Jan 13 2011

Deer Criticizes Doctors for Defending Wakefield

Brian Deer is the investigative journalist who has spent years building a case that Andrew Wakefield’s original Lancet paper alleging a connection between the MMR vaccine and an autism-GI disorder syndrome was not only bad science, it was fraud motivated by greed. In part two of his BMJ series detailing the results of his investigation, Deer follows the money, showing that Wakefield stood to make millions from a monovalent replacement vaccine as well as testing for his proposed new GI disorder. For those interested in the details – read the BMJ article. In short Deer builds a convincing case that Wakefield created a fraudulent study designed to generate fear regarding the MMR vaccine that he would then exploit to make millions. Meanwhile he was also paid over a million dollars by trial lawyers to build a case against the MMR vaccine.

What I want to write about today is a recent blog post by Brian Deer in which he accuses the medical establishment of circling the wagons (at least initially) around Wakefield. Deer specifically cites Ben Goldacre and Paul Offit as examples of physicians who were unwilling to accuse Wakefield of fraud. Deer writes:

But a Philadelphia-based commentator was not impressed by the BMJ’s intervention. “It doesn’t matter that [Wakefield] was fraudulent,” Dr Paul Offit, a vaccine inventor and author in Pennsylvania, was quoted in the Philadelphia Inquirer the next day as saying. “It only matters that he was wrong.”

I wasn’t surprised. From his establishment vantage-point, this was the third time Dr Offit had popped up to opine on the issue. Twice previously he’d been quoted as saying that my findings were “irrelevant” (although he’d been happy enough to use them in his books). Science had spoken, his argument went. There was no link between the vaccine and autism. It was experts like him who should rule on this matter, he seemed to imply, not some oik reporter nailing the guilty men.

And then later he write:

So, what’s my point? I think these comments reveal a striking pattern: doctors default to defending other doctors.

While I greatly respect the time and dedication of Brian Deer in doing actual investigative journalism and building an impressive (and very useful) case against Wakefield, I have to disagree with him here.

At the core of this disagreement is the relative role of journalists vs scientists in bringing down Wakefield and taking on the MMR-autism public scare. I see this as a pointless disagreement and a false dichotomy – in my mind these have always been complementary approaches to Wakefield that both contribute significantly to counteracting his fraud and bad science. Of course the journalist will emphasize the role of the investigative journalism and the scientists will emphasize the role of the science – this is not, in my opinion, doctors defending doctors, and that conclusion is a bit lazy on Deer’s part.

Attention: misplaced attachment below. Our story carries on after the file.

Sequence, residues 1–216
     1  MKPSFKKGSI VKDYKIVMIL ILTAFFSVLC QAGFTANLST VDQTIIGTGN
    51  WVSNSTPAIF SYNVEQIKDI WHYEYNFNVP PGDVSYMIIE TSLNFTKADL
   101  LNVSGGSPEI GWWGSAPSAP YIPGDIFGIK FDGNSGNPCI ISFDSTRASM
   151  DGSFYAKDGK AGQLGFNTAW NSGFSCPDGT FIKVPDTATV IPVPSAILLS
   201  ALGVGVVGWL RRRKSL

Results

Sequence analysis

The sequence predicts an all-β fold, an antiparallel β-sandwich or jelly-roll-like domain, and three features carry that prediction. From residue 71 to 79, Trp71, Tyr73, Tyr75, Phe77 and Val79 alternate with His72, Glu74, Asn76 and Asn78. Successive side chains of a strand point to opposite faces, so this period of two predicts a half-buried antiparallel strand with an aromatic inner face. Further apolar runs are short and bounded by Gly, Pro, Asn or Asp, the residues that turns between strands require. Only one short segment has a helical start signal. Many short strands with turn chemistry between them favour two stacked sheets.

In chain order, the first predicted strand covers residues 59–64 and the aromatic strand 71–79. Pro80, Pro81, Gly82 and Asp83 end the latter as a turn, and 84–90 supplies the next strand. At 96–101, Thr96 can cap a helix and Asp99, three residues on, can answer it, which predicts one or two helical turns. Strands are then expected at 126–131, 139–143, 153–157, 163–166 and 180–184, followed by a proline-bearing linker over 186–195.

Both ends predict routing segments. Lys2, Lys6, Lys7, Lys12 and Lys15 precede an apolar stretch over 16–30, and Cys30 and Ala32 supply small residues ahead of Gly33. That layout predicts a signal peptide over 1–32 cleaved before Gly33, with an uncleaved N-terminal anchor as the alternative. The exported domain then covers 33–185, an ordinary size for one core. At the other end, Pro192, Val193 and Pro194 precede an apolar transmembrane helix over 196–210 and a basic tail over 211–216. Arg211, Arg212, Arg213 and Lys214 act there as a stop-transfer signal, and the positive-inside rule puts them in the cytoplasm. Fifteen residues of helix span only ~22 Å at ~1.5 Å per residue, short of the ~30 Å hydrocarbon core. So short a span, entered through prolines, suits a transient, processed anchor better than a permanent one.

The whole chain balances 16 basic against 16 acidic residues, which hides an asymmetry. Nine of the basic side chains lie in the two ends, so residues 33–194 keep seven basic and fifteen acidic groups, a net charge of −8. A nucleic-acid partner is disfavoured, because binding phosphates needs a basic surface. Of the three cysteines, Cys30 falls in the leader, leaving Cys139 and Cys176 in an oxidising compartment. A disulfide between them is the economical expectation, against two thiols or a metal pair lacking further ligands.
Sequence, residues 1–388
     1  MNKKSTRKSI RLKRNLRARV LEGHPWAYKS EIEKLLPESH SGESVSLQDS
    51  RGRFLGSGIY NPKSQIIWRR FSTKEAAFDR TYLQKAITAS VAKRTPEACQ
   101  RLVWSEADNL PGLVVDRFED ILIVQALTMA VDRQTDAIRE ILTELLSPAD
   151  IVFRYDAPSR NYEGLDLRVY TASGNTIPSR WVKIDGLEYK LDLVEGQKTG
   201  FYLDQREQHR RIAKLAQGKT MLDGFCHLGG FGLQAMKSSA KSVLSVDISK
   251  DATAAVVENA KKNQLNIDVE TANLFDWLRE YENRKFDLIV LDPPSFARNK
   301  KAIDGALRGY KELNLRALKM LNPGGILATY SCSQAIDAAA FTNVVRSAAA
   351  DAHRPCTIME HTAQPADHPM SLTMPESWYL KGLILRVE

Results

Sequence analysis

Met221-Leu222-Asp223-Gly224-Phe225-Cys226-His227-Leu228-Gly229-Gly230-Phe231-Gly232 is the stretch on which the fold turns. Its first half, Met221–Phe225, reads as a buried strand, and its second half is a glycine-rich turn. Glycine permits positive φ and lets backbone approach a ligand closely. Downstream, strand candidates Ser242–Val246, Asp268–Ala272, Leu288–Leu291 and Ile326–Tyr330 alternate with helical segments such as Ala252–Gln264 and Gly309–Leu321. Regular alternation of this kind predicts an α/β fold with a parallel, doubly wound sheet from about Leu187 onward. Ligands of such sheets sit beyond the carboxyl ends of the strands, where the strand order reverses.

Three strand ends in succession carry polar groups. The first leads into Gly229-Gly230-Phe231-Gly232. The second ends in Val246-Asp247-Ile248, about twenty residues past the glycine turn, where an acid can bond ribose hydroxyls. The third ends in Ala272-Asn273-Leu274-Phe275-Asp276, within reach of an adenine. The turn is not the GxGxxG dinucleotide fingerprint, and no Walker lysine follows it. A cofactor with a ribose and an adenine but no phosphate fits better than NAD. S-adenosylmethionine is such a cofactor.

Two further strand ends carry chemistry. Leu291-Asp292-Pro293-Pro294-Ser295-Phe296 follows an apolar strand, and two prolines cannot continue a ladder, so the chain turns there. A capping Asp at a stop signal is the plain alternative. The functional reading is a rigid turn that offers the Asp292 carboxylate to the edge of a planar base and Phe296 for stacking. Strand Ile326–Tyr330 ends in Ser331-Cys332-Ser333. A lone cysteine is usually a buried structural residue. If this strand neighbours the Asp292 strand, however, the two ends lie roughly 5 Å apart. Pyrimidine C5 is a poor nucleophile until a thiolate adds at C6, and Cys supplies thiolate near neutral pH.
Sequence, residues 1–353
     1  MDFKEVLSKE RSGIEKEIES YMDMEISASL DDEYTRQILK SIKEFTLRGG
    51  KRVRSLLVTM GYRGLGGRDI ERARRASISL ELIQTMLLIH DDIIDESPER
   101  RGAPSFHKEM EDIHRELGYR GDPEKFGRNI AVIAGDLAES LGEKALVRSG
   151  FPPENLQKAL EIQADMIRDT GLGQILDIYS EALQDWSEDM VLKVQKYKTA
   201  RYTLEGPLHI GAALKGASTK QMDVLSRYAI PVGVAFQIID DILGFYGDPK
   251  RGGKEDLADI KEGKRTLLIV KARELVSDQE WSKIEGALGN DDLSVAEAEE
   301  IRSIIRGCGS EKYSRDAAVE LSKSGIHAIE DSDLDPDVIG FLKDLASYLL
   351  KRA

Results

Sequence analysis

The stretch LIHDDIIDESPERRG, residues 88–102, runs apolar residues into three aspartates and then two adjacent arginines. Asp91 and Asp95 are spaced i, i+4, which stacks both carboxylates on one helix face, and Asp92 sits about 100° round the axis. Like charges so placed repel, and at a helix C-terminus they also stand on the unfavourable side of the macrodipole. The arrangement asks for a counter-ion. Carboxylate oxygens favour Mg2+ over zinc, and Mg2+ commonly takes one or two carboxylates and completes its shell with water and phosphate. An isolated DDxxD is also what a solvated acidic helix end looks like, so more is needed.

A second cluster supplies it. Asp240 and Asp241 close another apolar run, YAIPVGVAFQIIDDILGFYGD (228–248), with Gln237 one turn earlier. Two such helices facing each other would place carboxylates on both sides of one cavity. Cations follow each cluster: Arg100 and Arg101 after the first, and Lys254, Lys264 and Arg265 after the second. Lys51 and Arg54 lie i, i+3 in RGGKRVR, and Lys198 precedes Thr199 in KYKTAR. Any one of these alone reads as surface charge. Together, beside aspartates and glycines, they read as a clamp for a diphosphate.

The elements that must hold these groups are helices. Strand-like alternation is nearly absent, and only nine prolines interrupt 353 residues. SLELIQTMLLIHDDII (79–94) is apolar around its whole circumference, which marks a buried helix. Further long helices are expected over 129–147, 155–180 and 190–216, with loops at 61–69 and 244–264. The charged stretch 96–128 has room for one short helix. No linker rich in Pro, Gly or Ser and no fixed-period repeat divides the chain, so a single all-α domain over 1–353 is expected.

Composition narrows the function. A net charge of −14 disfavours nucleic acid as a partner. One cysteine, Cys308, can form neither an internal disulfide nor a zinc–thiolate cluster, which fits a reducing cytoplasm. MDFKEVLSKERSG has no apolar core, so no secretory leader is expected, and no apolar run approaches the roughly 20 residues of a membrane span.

On the whole Wakefield has been soundly criticized by the medical community. For those physicians who blog about the anti-vaccine phenomenon we have spared no criticism for Wakefield. Deer, for example, could have quoted either me or David Gorski, which would have shown that there was no consistent “circling the wagons.”

I also think that Deer is misinterpreting the intent of Ben Goldacre’s and Paul Offit’s comments. I have spoken to Ben on this exact issue, and his point was this: The UK media were largely responsible for stoking the fires of vaccine fear after Wakefield’s paper was published. They pinned a lot of the scare on the plucky determination of this one charismatic maverick researcher. When the evidence started to turn against an MMR-autism link, however, they attacked Wakefield and acted as if his personal fall is what killed the case against an alleged link.

Ben’s point was that what matters most is the science – what does the scientific evidence say. Follow up studies failed to replicate Wakefield’s results. And many studies have failed to show any epidemiological link between the MMR vaccine, or vaccines in general, and autism. Wakefield’s claimed autism-GI syndrome does not appear to exist. In the final analysis, the science is what matters – not the fortunes of one man.

Ben’s and Paul’s comments were also in the context of accusations of a financial conflict of interest – not scientific fraud. Of course scientific fraud is important, and that alone discredits Wakefield’s research (although by itself does not answer the deeper question of whether or not there is a link). This is something that is also far easier for the public to understand, rather than parsing complex epidemiological studies.